As an agile coach and scrum master, you need to take a hard look at yourself and how you do your job. It is lonely and unforgiving. You need to evaluate how you can improve and how you help others. In many respects, you are acting like a teacher, therapist and camp counselor.
Where do teachers go for support? How do therapists deal with human suffering without being crushed by its weight? What does a camp counselor do when they cannot be enthusiastic? The answer to all of these questions is they depend on the support of peers and more experienced professionals. There is an entire branch of therapists who treat other therapists. Teachers have support groups and working teams. Camp counselors rely on directors and adult leaders for support.
Scrum masters are very alone and are misfits in many organizations. They belong to a company, but they spend a majority of their time fighting the corporate culture to meet goals. Their managers misunderstand them and because they do not have any real authority often ignored by others. For me, I depend on the support of others from the agile coaches’ symposium in Chicago. I count on my immediate manager and interact with other coaches on LinkedIn.
I depend on these people like a drowning person clings to piece of driftwood. Leading organizational change requires the stamina of an Olympic athlete, the patience of Job, and the self-esteem of Rod Blagojevich. Few people have all three of these traits. It is why I have to depend on the coaching of others. It is a both a means to improve and receive the support I need to get through the day.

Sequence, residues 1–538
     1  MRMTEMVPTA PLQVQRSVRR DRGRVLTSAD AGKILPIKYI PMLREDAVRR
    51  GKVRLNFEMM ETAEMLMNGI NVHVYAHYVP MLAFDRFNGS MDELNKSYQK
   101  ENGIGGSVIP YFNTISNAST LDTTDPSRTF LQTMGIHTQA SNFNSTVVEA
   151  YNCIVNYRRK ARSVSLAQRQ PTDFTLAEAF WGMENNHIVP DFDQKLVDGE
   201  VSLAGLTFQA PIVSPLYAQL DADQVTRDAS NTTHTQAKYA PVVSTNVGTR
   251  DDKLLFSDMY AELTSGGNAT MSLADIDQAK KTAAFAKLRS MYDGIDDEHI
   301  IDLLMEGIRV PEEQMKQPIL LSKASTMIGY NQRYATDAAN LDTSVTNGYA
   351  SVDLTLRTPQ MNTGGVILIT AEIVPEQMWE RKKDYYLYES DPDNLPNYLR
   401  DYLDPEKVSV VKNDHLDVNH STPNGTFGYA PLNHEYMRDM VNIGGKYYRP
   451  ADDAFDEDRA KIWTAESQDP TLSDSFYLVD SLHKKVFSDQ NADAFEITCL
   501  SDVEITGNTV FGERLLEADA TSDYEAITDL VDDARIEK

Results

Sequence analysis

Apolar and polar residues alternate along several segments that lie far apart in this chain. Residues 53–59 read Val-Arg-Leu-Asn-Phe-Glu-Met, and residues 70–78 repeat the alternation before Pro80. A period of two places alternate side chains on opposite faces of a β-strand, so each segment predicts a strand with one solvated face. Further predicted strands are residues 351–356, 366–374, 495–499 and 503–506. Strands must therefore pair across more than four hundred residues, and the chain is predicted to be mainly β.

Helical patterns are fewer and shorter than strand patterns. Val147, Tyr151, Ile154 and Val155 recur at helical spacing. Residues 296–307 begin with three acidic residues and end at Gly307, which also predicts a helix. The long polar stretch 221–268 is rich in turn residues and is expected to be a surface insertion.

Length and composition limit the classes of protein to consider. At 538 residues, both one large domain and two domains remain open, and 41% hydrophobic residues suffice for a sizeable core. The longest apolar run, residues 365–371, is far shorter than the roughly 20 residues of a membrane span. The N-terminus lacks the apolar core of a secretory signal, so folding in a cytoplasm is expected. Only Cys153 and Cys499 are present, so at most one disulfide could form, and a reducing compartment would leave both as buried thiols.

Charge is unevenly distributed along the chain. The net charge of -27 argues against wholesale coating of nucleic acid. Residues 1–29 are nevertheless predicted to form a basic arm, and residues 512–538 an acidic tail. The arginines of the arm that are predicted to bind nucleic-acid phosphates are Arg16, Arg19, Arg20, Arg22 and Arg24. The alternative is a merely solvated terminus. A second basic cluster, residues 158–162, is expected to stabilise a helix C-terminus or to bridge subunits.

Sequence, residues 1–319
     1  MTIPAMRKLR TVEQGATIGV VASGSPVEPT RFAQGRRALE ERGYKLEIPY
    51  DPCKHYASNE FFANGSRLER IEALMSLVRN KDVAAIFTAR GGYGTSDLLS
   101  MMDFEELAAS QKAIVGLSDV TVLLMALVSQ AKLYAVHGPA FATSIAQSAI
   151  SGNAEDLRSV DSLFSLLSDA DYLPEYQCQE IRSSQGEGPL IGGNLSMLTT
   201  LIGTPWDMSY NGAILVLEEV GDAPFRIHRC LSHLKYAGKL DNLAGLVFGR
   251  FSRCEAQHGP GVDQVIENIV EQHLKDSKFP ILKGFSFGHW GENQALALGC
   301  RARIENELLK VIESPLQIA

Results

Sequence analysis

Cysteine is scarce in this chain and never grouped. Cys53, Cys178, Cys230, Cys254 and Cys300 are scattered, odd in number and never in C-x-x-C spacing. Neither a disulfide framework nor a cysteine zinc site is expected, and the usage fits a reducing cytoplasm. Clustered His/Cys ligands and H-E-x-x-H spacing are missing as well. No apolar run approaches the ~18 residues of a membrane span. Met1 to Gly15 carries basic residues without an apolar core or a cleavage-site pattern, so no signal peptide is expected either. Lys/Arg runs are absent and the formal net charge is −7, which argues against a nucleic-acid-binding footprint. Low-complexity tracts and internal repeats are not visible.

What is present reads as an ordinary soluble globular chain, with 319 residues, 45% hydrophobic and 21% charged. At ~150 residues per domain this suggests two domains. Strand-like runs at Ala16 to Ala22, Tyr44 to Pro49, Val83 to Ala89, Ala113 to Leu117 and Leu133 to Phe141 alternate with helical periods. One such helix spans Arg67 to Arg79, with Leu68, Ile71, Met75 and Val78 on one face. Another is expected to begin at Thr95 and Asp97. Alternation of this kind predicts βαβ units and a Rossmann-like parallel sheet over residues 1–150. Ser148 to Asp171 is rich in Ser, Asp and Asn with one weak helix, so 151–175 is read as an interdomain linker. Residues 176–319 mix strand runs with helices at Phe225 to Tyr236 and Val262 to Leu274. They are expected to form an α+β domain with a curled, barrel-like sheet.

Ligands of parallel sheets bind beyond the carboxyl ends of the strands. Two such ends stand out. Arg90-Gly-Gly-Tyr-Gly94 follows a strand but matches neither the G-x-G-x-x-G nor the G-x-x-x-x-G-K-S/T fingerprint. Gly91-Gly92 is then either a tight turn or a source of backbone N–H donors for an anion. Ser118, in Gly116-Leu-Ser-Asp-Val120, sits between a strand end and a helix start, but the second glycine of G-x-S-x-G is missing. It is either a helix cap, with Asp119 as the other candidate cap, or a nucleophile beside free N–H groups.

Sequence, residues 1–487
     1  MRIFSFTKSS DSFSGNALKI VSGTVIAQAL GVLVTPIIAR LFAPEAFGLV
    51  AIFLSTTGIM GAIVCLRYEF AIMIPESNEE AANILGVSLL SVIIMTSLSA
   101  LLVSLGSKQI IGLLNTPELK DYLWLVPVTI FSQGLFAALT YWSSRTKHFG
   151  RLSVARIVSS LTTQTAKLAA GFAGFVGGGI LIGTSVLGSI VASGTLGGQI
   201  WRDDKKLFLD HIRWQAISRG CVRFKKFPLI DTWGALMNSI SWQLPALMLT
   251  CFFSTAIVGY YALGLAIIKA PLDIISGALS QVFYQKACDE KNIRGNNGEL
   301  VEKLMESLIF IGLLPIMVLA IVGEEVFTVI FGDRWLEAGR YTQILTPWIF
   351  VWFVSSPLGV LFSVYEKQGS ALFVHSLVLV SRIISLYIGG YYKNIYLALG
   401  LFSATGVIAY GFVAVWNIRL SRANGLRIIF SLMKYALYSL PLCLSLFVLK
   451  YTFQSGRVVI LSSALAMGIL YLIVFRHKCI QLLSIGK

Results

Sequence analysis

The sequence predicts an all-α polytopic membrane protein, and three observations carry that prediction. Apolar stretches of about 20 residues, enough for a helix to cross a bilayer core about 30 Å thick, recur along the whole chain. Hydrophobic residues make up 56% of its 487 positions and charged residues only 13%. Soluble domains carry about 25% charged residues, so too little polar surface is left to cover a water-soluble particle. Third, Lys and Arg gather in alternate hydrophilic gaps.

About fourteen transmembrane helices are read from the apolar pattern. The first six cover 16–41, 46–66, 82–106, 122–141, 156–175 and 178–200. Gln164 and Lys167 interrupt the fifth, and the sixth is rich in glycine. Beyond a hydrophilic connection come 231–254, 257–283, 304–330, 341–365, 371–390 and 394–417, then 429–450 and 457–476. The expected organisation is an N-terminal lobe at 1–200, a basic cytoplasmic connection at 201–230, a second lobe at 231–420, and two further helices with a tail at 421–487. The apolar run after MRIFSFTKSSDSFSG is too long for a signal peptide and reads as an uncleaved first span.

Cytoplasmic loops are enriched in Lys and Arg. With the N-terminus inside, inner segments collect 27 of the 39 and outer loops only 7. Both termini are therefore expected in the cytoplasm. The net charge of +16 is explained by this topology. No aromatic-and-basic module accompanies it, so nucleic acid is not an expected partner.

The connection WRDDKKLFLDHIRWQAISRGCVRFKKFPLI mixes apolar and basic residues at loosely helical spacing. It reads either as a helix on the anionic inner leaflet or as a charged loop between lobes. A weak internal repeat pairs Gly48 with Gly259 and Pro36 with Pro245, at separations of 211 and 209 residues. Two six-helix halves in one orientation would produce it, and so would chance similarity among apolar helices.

Currently, I am dealing with exceptional levels of toxicity from business partners. The situation has deteriorated so much one product owner will not speak to me directly but will tell someone else to convey information to me. It may be acceptable behavior for mean girls in high school but is outrageous for a business person to act in such a fashion. All I can do it take responsibility for this professional failure and make the best of the situation.
Someone I respect said, “Empathetic relations come before education.” This week that message clobbered me like a sixteen-ton weight. Crushed by this new knowledge and experience, it occurs to me that I can not just attempt to teach others the skills of agile with the power dynamic of a teacher to a student. For greater agile maturity at an organization, the coach needs to relate to the business partners as peers.
If agile is going to grow then, people must want to be open, committed, focused, courageous, and respectful. It is now clear to me I cannot use the coaching style of a movie director or drill sergeant. I cannot be a teacher at this stage. My knowledge needs to be offered as a friend. If not, then agile will stagnate and not mature at an organization.
A failure is a useful tool. It educates more than any success possibly could. This week, I experienced a failure I might not recover from at my current firm. Whatever the future might bring, the lessons are going to stick with me the rest of my career.
Until next time.